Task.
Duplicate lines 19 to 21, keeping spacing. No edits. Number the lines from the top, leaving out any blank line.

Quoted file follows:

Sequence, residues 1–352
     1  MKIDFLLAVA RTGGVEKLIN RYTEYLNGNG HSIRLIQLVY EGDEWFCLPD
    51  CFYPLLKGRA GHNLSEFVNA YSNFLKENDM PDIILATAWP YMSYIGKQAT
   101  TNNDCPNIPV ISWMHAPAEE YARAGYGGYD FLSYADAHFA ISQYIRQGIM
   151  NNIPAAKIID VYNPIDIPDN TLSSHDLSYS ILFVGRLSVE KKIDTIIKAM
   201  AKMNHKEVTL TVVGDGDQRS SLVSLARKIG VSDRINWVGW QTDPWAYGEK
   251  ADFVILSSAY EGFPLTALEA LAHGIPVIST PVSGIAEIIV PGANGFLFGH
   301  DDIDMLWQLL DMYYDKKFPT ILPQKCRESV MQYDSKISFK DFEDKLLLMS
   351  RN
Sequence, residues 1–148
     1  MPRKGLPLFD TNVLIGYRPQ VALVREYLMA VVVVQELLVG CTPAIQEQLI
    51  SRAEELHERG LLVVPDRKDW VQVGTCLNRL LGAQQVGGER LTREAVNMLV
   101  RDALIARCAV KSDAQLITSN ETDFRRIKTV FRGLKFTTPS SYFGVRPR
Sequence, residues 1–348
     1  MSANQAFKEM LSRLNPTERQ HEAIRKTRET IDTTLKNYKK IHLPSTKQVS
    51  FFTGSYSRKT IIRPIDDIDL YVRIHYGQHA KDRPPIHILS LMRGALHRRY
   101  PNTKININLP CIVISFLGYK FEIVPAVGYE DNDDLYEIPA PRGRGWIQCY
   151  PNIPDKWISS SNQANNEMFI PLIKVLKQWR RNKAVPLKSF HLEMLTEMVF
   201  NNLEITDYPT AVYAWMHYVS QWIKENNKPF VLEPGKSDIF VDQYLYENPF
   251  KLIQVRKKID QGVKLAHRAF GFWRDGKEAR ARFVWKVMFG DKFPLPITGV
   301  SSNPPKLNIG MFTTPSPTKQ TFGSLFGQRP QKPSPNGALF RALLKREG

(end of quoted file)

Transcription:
   201  NNLEITDYPT AVYAWMHYVS QWIKENNKPF VLEPGKSDIF VDQYLYENPF
   251  KLIQVRKKID QGVKLAHRAF GFWRDGKEAR ARFVWKVMFG DKFPLPITGV
   301  SSNPPKLNIG MFTTPSPTKQ TFGSLFGQRP QKPSPNGALF RALLKREG